Mediation – will it ever become popular?

The thorny issue of mediation, and alternative forms of dispute resolution (ADR) was raised again this month by the Civil Justice Council, in their working group interim report.  The CJC is an advisory body, established under the Civil Procedure Act 1997, with responsibility for overseeing and co-coordinating the modernisation of the civil justice system. The CJC meet at least three times a year to discuss and agree formal responses to consultation papers, providing advice to the Lord Chancellor, the Judiciary and Civil Procedure Rule Committee on the effectiveness of aspects of the civil justice system, including recommendations to test, review or conduct research into specific areas.

The working group published a comprehensive interim report on the existing role and potential future role of ADR in civil justice in England and Wales, including in family law.

Sir Terence Etherton, the Master of the Rolls and Chairman of the CJC, stated,”ADR is a very effective means of resolving civil disputes quickly and cheaply. This report explores the current use of ADR and the reasons why it is not used more frequently. As we prepare to enter a digital age of dispute resolution it is an ideal time to look in detail at how the potential for ADR can be maximised.

In family law, those issuing proceedings for financial relief or child arrangements orders now required to attend a mediation information and assessment meeting (MIAM), made a compulsory requirement of the court process since April 2014. However, after some initially positive results, MIAMs moving on to mediation has shown a slight decline.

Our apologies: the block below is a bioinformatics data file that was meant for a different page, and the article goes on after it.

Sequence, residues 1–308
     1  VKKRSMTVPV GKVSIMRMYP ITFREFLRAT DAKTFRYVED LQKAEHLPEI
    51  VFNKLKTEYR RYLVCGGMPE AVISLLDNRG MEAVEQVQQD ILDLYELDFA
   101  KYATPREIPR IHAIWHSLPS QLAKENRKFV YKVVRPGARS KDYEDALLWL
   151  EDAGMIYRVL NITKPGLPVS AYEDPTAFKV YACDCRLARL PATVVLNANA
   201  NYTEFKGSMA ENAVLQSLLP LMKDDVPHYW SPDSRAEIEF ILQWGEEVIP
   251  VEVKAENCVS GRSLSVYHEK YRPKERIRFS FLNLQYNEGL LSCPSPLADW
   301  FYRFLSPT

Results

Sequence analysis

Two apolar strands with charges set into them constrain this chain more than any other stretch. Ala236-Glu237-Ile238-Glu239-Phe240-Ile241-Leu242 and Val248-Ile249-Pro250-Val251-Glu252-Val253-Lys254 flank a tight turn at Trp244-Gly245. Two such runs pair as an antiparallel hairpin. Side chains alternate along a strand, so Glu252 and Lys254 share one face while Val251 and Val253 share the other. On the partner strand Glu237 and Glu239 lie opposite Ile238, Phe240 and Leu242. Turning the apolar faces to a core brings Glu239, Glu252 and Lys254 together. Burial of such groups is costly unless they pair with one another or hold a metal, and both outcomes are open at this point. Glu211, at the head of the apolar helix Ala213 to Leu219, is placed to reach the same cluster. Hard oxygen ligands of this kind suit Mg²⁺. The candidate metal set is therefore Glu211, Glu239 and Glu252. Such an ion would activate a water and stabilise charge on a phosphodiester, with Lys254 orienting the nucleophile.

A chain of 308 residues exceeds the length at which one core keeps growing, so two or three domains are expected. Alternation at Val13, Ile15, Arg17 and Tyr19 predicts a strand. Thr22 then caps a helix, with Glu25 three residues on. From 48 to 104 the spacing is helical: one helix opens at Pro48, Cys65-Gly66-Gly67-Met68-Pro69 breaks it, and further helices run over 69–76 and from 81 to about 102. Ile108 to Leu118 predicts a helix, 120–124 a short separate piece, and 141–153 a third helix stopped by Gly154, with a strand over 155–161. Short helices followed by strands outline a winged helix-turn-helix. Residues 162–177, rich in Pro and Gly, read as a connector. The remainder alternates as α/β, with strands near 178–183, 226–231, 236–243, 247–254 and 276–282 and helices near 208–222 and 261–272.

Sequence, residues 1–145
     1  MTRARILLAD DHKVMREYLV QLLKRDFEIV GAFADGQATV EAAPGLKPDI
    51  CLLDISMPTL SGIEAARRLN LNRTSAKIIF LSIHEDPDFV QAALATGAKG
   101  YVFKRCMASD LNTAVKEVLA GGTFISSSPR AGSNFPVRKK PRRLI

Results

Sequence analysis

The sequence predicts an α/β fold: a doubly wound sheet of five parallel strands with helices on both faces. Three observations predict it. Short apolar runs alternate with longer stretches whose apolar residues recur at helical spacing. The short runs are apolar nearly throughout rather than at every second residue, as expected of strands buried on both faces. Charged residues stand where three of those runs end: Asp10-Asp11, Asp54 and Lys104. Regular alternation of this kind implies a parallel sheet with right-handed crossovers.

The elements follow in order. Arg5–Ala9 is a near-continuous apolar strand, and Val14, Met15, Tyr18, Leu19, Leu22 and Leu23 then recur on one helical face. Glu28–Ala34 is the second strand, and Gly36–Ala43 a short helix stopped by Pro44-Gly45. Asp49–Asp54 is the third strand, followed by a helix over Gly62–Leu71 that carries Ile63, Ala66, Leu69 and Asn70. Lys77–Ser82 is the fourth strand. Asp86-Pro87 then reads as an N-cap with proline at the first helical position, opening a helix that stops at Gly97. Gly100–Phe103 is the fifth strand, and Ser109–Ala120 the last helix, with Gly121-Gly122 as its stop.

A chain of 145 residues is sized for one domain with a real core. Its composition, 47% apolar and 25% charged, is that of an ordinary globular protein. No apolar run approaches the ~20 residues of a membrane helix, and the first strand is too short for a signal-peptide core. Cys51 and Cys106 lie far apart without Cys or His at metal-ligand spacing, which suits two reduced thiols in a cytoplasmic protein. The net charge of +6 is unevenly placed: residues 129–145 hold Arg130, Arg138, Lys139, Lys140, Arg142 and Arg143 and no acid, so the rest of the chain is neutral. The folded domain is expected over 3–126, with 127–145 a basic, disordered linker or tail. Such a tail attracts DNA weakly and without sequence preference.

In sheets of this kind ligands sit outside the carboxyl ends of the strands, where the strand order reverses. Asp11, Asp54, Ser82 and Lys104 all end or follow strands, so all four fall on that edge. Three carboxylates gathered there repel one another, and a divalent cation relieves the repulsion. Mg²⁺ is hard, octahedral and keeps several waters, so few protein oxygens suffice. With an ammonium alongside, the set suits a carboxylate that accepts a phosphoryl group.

However, the interim report indicates that a move to online dispute resolution in the future will make the ADR and mediation debate obsolete, should the online forum and ADR become interwoven in any future redesign of the court system. Until then a “carrot and stick” approach is suggested, using the threat of cost sanctions against those who don’t utilise ADR in earnest, together with encouragement to surpass an apparent mistrust in mediation and ADR.

If you would like to know more about the mediation and how alternative dispute resolution might help you resolve your family law matters, Hunter & Uro offer a free initial consultation. Our specialist family solicitors can help guide you through your options. Contact us on 0207 177 9777 or 01234 889777 for more information.



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